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A Tale of Two Cities

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This dialogue had been held in so very low a whisper, that not a word of it had reached the young lady’s ears. But, by this time she trembled under such strong emotion, and her face expressed such deep anxiety, and, above all, such dread and terror, that Mr. Lorry felt it incumbent on him to speak a word or two of reassurance. They spoke too quietly for the young woman to hear, but by now fear and anxiety shook her so much that Mr. Lorry felt he should reassure her.
“Courage, dear miss! Courage! Business! The worst will be over in a moment; it is but passing the room-door, and the worst is over. Then, all the good you bring to him, all the relief, all the happiness you bring to him, begin. Let our good friend here, assist you on that side. That’s well, friend Defarge. Come, now. Business, business!” “Be brave, miss! Courage! This is business! The worst part will be over in a moment. It’s just walking into a room, and the worst is over. Then, all the goodness, all the relief, all the happiness you’ll bring him will begin. Let our good friend here help you. Our good friend Monsieur Defarge. Come, now. Business, business!”
They went up slowly and softly. The staircase was short, and they were soon at the top. There, as it had an abrupt turn in it, they came all at once in sight of three men, whose heads were bent down close together at the side of a door, and who were intently looking into the room to which the door belonged, through some chinks or holes in the wall. On hearing footsteps close at hand, these three turned, and rose, and showed themselves to be the three of one name who had been drinking in the wine-shop. They went up slowly and quietly. The staircase was short, and they were soon at the top. As they rounded a sharp turn in the staircase, they suddenly saw three men. Their heads were bent down close together at the side of the door, and they were intently looking into the room through some cracks in the wall. When they heard footsteps approach, the three men turned and stood up. They were the three men named Jacques who had been drinking in the wine shop.
“I forgot them in the surprise of your visit,” explained Monsieur Defarge. “Leave us, good boys; we have business here.” “I forgot about them when your visit surprised me,” explained Monsieur Defarge. “Go away, my friends; we have business here.”
The three glided by, and went silently down. The three men slipped past and went silently downstairs.
There appearing to be no other door on that floor, and the keeper of the wine-shop going straight to this one when they were left alone, Mr. Lorry asked him in a whisper, with a little anger: Since there didn’t appear to be any other doors on that floor, and the wine-shop owner went straight to this one when they were alone, Mr. Lorry asked him in a whisper, a little angry:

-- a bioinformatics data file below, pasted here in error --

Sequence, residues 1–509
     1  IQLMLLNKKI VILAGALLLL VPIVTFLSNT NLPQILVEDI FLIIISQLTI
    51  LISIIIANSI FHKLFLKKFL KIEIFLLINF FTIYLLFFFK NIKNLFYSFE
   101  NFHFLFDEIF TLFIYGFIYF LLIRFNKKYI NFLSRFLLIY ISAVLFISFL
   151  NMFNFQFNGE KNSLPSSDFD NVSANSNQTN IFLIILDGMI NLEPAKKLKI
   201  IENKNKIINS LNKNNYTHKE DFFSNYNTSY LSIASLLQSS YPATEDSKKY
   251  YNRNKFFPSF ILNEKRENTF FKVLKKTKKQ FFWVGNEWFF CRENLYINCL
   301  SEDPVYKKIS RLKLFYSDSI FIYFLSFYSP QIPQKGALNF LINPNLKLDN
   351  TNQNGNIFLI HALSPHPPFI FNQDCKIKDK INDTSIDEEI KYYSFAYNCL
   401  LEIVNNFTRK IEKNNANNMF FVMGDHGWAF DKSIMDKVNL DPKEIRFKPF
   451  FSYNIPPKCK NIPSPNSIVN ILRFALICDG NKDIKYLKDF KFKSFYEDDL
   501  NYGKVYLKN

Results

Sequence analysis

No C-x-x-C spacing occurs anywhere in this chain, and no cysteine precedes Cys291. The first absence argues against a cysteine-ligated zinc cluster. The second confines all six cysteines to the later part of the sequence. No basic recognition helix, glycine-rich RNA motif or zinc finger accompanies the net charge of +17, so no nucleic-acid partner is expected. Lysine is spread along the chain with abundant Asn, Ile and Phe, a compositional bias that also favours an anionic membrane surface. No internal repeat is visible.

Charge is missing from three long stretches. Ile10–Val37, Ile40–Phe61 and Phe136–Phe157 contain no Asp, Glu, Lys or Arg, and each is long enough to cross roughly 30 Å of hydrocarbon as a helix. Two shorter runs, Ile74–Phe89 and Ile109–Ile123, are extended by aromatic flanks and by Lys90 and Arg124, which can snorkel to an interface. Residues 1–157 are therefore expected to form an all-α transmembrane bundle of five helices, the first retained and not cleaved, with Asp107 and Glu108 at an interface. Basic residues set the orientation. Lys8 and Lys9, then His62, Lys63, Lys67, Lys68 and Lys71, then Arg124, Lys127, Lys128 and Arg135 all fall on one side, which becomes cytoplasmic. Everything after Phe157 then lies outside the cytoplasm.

“Do you make a show of Monsieur Manette?” “Are you making a spectacle of Monsieur Manette?”
“I show him, in the way you have seen, to a chosen few.” “I show him, in the way you just saw, to a select few.”
“Is that well?” “Is that proper?”
“I think it is well.” I think it’s proper.”
“Who are the few? How do you choose them?” “Who are the few? How do you select them?”
“I choose them as real men, of my name—Jacques is my name—to whom the sight is likely to do good. Enough; you are English; that is another thing. Stay there, if you please, a little moment.” “I select true men. Men with my name, Jacques, who would benefit from seeing him. I won’t say anymore. You are English. You wouldn’t understand. Please wait there for a moment.”
With an admonitory gesture to keep them back, he stooped, and looked in through the crevice in the wall. Soon raising his head again, he struck twice or thrice upon the door—evidently with no other object than to make a noise there. With the same intention, he drew the key across it, three or four times, before he put it clumsily into the lock, and turned it as heavily as he could. He motioned for them to stay back, then leaned over and looked in through the crack in the wall. Soon he raised his head and knocked two or three times on the door—apparently just to make noise. For this same reason, he dragged the key across the door three or four times before clumsily putting it in the lock and loudly turning it.
The door slowly opened inward under his hand, and he looked into the room and said something. A faint voice answered something. Little more than a single syllable could have been spoken on either side. He slowly opened the door slowly, looked into the room, and said something. A quiet voice answered back. Neither person spoke much more than a syllable.
He looked back over his shoulder, and beckoned them to enter. Mr. Lorry got his arm securely round the daughter’s waist, and held her; for he felt that she was sinking. Defarge looked back over his shoulder and motioned for them to enter. Mr. Lorry felt Miss Manette sink so he put his arm around her waist.

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